The first father didn’t seem to notice the second’s intrusion. In fact, he carried on as if no one else had spoken. And for all intents and purposes, no one had. Jonah was afraid to say a thing.

“I know you meant well when you gave Danny those seemingly kind words. But I think it’s important you understand the consequences of blind assumptions. If we don’t learn these lessons young, we’ll never learn them.” He grabbed his glass and took a drink, the ambitious proselytizing leaving him quite parched.

The father on the left continued. “Mistakes are made all the time; we must learn to decipher those encouraged by the Devil in order to diminish the possibility of future mistakes.”

He returned his emptied glass to the table. “And I think it’s fortunate that I caught your mistake. We can curb a life time of unnecessary mistakes by this one simple lesson.” He rubbed his hand against his forehead, wiping away the sweat. Then he looked up toward the dining room light and held his gaze there, deep in concentration.

The other father resumed. “Once the Devil has been unleashed, he will not go away. He will infiltrate your life when you least expect it, just when you’re assured he has gone.”

Jonah moved his little blond head from one speaker to the other, desperately trying to filter the incoming ideas through his susceptible and tired mind. His hunger had long since passed, a feeling of anticipation now settling upon his stomach in its place. Both fathers had apparently finished their lectures and were staring at him with a strangely unsettling smile. Then, simultaneously, they pushed back their chairs and stood up from the table. In perfect unison, two degrees of the same vocal tone amplified as one loud, booming voice, they explained to their wide-eyed listener,

“I’m going to grab my cigarettes. I’ll be right back.”

And together they marched off, almost hand in hand, except neither acknowledged the other. Or maybe they were indifferent to each other. Jonah couldn’t tell as he watched them walk away, his short fingers clutching the chair’s back. Before he could reassess what had happened and attempt to calm his fears, the fathers returned to the room. One sat down on the chair closest to Jonah’s right, while the other walked behind Jonah to sit down on his left. The fathers now faced each other. And suddenly, as if they had planned the routine but moments ago, each simultaneously removed a cigarette box from his left pocket, flipped open the top, pulled out one cigarette and gracefully placed it between his lips. Then, moving his hand over to his right pocket, each retrieved a silver lighter and flicked open the top with a quick, automatic movement. The quick rubbing of fingertips against metal conjured blue flames and each father carefully placed his cigarette’s tip in the line of fire. Both inhaled until each cigarette boasted the same bright, cherry-red sparkle at its end. Had they been able to concentrate without squinting their eyes and cocking their heads to the right, Jonah thought, they would have been looking straight at each other.

Then, returning the lighter and the cigarette box to their pockets respectively, they pulled the cigarette from their mouths and exhaled a thin veil of smoke. The filaments resembled cotton balls being pulled apart. The fathers watched the swirls dissipate, then turned to Jonah and spoke together, perfectly synchronized.

“The truth is, there are dangers at every corner in life. And life is full of corners, Jonah.”

Jonah nodded but failed to look directly at either speaker. He could no longer tell who was who.

“But it is not impossible for us to deter some of these dangers before they arise.”

Both turned back toward each other, inhaled their cigarettes again, and let out a slow trail of steam.

“We must constantly be thinking critically.” They moved their cigarette-holding hands in rhythm to their words to emphasize their passion.

“We cannot let our guard down for a moment. Sadly, we cannot always trust our instincts.”

Jonah closed his eyes to shelter them from the sting of surrounding smoke.

“When you engage in a confrontation of wits, you must question your first impulse.”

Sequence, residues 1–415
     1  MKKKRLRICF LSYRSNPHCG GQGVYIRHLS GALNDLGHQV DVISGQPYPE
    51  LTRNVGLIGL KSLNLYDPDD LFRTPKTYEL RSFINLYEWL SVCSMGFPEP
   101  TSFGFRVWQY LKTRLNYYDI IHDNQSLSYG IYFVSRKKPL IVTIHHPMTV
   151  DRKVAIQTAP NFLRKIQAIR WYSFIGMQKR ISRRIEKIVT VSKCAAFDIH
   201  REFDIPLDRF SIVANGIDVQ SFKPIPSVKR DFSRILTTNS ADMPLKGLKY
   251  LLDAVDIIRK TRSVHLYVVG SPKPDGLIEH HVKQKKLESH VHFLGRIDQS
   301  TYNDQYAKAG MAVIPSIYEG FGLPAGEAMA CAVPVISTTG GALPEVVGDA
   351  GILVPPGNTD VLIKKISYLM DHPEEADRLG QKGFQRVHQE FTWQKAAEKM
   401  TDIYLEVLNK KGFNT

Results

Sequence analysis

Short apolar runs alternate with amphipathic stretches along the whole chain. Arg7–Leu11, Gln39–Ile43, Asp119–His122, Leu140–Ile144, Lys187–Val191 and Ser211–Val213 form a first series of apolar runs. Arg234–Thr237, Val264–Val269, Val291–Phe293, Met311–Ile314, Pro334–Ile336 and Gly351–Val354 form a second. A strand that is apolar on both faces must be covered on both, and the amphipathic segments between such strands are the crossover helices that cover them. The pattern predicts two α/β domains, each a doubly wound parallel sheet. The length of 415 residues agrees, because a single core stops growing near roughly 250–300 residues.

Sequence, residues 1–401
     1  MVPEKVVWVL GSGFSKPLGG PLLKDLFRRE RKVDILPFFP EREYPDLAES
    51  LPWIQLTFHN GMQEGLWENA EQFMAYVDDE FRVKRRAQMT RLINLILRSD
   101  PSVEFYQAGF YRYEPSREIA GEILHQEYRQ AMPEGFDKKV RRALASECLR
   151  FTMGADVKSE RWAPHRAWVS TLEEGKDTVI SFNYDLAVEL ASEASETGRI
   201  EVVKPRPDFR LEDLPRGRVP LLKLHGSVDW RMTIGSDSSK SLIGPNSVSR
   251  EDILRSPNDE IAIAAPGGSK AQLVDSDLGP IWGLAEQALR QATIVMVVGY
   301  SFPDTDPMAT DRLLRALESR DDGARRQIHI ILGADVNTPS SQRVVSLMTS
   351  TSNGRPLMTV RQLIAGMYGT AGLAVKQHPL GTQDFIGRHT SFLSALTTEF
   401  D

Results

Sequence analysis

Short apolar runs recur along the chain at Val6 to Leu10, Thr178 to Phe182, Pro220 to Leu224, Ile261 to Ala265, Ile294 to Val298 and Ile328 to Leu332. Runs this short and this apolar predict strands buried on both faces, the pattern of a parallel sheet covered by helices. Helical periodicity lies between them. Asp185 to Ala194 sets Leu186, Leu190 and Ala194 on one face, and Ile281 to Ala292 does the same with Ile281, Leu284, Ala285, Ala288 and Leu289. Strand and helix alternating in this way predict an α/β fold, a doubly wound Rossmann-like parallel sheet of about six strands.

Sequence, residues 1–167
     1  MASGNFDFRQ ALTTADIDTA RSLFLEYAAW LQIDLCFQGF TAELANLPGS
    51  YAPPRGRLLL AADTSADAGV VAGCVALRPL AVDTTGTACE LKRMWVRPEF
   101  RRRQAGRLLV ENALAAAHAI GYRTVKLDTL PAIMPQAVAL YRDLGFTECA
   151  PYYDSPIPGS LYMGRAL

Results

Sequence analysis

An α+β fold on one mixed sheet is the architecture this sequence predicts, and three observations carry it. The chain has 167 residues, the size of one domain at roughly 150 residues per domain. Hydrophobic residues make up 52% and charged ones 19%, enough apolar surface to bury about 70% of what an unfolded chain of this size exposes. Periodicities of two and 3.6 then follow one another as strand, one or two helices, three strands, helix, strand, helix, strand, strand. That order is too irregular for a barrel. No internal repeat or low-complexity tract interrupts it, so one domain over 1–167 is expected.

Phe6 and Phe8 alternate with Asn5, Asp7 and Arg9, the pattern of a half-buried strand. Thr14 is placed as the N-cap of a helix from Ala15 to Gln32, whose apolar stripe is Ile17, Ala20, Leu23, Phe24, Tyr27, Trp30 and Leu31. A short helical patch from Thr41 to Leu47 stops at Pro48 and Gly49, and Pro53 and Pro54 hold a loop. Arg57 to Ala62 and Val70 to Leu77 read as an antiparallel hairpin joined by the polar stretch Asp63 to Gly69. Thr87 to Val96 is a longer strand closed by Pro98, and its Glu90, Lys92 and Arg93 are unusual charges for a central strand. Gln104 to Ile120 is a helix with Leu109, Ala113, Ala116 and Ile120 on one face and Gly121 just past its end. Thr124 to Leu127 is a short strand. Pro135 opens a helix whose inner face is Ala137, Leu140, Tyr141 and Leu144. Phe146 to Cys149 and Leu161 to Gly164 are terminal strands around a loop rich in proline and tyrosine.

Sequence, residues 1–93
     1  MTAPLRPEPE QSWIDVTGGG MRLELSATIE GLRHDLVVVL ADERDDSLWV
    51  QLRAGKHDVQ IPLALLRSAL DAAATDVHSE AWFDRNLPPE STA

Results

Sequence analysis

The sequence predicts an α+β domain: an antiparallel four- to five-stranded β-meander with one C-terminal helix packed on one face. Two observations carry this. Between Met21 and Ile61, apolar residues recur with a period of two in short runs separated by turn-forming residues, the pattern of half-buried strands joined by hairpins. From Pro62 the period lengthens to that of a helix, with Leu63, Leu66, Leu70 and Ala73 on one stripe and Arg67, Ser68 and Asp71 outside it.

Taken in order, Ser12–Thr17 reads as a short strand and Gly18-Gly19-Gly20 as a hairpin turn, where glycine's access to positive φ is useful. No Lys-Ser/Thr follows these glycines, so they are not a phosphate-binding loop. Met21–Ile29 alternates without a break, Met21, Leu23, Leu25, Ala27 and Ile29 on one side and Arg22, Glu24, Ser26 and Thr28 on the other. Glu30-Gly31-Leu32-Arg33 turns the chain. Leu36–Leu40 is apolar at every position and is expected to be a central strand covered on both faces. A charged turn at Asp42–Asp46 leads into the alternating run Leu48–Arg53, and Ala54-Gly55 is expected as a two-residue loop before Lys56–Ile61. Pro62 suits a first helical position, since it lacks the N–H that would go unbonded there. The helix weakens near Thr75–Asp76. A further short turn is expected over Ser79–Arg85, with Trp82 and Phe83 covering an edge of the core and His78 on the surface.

They inhaled then exhaled again, the smoke wrapping its vapor tongue around the table. Jonah let out a soft cough but quickly covered his mouth to stifle it.

“Did you say something?”

The boy shook his head no and slouched further down into his chair. The fathers continued in perfect synchronization, unconcerned by the interruption.

“Danny’s sneeze a moment ago was a confrontation of wits. I wanted to say those three faithful words. But I knew better. I was able to hold back, to question my first instinct and to catch the Devil’s hand. Had I spoken those words, I would have opened Danny’s heart to that hand.”

They replaced their cigarettes to their mouths, puffed a few puffs and sat pondering for a short moment. Then they both turned back to their small, timid audience, took in the same quick breath and asked,

“Do you think you can do that, Jonah?”

Jonah continued to look straight ahead, held there by the direct penetration of the speakers’ gazes against his temples.

“Can you catch the Devil’s hand quickly enough to say no to him?” They repeated.

Jonah turned slowly toward the father on his left, extending his frightened eyes upward as the father raised his cigarette to his mouth. He then turned slowly toward the father on his right, closing his eyes as the father removed his cigarette and released his foggy breath. Both fathers then sat back patiently, letting their cigarettes hover above the table, the red tips flickering calmly.

Jonah turned his head back to the father on his left.

“Yes. Yes, I can.”

Both fathers smiled back in approval; their work was done. But the father on Jonah’s left deviated from the choreography. He triumphantly stuck his cigarette into the mound of potatoes in front of him and rose from the table. Approaching Jonah, he stuck out his hand to the boy.

“I think it’s time you joined Danny.”

Jonah placed his tiny hand inside the father’s and rose, relieved that he had made it through the interrogation. Turning toward the hallway, Jonah smiled up at the father who placed his palm down upon the boy’s narrow shoulder and walked with him to Danny’s room. Behind, the remaining father stared awestruck from the table.

“Jonah, where are you going? I want to say one last thing.”

But when Jonah looked back to answer, he found no one there to respond to, save for the cigarette dangling off the edge, half lit and slowly dwindling. The smoke fought to penetrate the cold surfaces but ultimately lost…

About haringeyunchained

Haringey Unchained is a collective of students aiming to show case the creative talent of Haringey Sixth Form College in Tottenham, London. We think that through the promotion of our creative thoughts, we can educate our community, bringing to the foreground the critical and creative consciousness of a vibrant school in a deprived part of London. We are endeavouring to provide this blog as a platform for our community, giving the space to those whose work otherwise might not be seen or read. Being that the cuffs are off, we are able to express through our photography, art, short fiction and poetry, what’s really on our minds. We are free.